Yet, it should be noted that while Milgram’s task would prove difficult to achieve, significant sentiment in favor of integration did exist in the Philadelphia area. As historian Matthew Countryman notes, the region had seen an upsurge in civil rights activity in the years prior to Milgram’s decision to build Concord Park, a process that would create potentially important resources from which his project could draw. The strength of the Philadelphia NAACP, the existence of area-specific organizations like the Jewish Community Relations Council (JCRC), and the region’s Quaker legacy and its institutional manifestation, the American Friends Service Committee (AFSC), resulted in significant civil rights progress in the immediate postwar years. Together these groups constituted the Fellowship Commission, which worked successfully for the establishment of a new city charter in 1951 that contained a Human Relations Commission designed to enforce antidiscrimination laws. Source: The “Problem” of the Black Middle Class: Morris Milgram’s Concord Park and Residential Integration in Philadelphia’s Postwar Suburbs by W. Benjamin Piggott, PENNSYLVANIA MAGAZINE OF HISTORY AND BIOGRAPHY Vol. CXXXII, No. 2 (April 2008)
In Deerfield, Milgram had none of these resources and advantages. Although a Chicago architectural firm was designing the homes and there were local representatives for the company, Milgram was effectively an outsider…and a Jewish one at that.
Milgram, whose reputation as the “Johnny Appleseed of integrated housing” had followed him to the Midwest, became the target of the villagers’ animus. His outsider status and association with the socialist Workers Defense League — and his Jewishness — did little to endear him to Republican Deerfield. “The familiar cry of ‘Red!’ would be heard when Milgram’s name was mentioned,” wrote Harry and David Rosen in their sympathetic 1962 account of the controversy, But Not Next Door. “More than one loyal ‘integrationist’ expressed the private view that their row would be much easier to hoe if Milgram had been less politically controversial.” (Milgram, incidentally, had drifted from socialism toward mainstream Democratic politics after his stint at the WDL, weary, like many others, of the vicious infighting on the left during the 1930s and ’40s.) Source: “Housing Is Everybody’s Problem”: The Forgotten Crusade of Morris Milgram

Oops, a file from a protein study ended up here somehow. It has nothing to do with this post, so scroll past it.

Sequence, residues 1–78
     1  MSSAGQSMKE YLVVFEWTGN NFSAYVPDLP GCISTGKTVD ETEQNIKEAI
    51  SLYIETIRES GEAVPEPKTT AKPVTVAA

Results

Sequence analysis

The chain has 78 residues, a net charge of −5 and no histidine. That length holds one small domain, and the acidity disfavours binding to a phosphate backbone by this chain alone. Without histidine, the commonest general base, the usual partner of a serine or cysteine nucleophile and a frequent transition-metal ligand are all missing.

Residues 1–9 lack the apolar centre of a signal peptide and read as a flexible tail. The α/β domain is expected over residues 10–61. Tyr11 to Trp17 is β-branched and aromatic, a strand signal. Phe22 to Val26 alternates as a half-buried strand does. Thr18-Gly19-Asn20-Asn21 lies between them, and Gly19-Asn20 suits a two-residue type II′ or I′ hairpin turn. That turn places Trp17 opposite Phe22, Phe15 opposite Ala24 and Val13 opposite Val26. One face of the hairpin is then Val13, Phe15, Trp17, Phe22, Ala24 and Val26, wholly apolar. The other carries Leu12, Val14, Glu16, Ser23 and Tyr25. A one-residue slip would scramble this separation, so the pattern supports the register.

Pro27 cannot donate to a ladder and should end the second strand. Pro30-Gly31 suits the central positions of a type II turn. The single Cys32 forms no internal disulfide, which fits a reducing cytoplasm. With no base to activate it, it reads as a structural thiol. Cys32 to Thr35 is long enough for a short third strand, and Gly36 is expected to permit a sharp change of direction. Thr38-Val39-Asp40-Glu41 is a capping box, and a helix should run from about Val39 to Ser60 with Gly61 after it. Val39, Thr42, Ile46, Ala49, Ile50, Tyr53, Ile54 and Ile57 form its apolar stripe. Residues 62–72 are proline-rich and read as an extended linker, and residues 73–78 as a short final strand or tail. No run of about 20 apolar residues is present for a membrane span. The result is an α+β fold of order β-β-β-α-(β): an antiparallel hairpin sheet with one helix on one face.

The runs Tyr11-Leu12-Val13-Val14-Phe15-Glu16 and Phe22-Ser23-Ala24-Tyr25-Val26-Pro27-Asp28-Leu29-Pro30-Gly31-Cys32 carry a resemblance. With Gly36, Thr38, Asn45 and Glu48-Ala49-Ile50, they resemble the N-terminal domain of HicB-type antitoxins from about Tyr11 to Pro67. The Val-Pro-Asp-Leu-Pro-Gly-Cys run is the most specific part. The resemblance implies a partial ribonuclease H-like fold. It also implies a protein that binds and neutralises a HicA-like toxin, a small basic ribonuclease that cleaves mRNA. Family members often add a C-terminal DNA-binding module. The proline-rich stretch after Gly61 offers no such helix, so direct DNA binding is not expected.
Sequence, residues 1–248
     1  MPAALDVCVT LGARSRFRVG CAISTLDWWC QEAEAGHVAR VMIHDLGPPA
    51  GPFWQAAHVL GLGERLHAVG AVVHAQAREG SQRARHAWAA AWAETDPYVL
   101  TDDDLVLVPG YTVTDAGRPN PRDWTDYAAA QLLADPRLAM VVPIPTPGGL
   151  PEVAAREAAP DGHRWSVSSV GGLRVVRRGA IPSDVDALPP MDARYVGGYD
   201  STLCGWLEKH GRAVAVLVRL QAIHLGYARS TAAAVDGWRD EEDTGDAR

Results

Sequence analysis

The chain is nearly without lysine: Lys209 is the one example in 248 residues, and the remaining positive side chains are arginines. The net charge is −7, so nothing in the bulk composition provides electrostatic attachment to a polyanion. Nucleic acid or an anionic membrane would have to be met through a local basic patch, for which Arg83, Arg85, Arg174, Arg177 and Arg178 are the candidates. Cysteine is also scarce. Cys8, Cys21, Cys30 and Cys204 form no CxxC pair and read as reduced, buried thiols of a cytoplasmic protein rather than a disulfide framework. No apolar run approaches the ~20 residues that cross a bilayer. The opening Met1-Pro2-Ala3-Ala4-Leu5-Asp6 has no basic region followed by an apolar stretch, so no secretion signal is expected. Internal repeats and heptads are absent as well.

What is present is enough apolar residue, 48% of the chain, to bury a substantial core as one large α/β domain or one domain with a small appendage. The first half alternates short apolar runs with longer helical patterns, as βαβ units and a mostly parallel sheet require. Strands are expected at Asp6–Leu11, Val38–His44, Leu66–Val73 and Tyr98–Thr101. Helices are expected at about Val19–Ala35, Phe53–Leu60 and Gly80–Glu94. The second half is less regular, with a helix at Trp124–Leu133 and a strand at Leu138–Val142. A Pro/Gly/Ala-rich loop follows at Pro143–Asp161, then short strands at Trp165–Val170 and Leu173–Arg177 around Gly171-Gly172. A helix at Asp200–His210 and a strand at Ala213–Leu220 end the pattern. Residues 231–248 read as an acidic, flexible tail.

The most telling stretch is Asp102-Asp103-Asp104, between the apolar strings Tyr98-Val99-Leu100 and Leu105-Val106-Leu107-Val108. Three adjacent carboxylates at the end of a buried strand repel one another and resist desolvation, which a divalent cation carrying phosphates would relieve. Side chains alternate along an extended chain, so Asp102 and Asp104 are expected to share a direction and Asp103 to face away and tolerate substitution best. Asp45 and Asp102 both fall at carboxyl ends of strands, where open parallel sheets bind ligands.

Another factor which is less obvious is the difference in the siting of Concord Park (and Greenbelt Knoll) as compared to the Deerfield subdivision. Prior to World War II, black “suburbanization,” to the extent that it existed, generally consisted of working class African-American homeowners settling on unincorporated (and often unregulated) land on the outskirts of cities. They frequently built homes on land that was available (but not always owned) and maintained gardens or mini-farms with small farm animals to sustain self-sufficiency. These areas were tolerated by many cities, because they were self-segregated by their distance from the city center and did not encroach on the higher-quality housing stock available only to Whites. After World War II, with a housing crisis in full bloom, Levitt and Sons began to redefine the understanding of the suburb as a desirable and affordable place for the (white) middle class. Milgram embraced that idea on an integrated basis, but Concord Park maintained the spatial separation that had been part of Black “suburbs” up to that point. Although close to existing transportation hubs, it was adjacent to a then under-construction Pennsylvania Turnpike interchange, a cemetery, and close to a nearby pre-WWII Black “suburb”, Linconia. These effectively acted as barriers to further growth, and more importantly to fearful Whites, closed off “that colored development” from other all-white neighborhoods and subdivisions. In both Concord Park and Greenbelt Knoll, Milgram even built swimming pools, so all residents had a place to swim without having to deal with racial barriers at nearby community pools.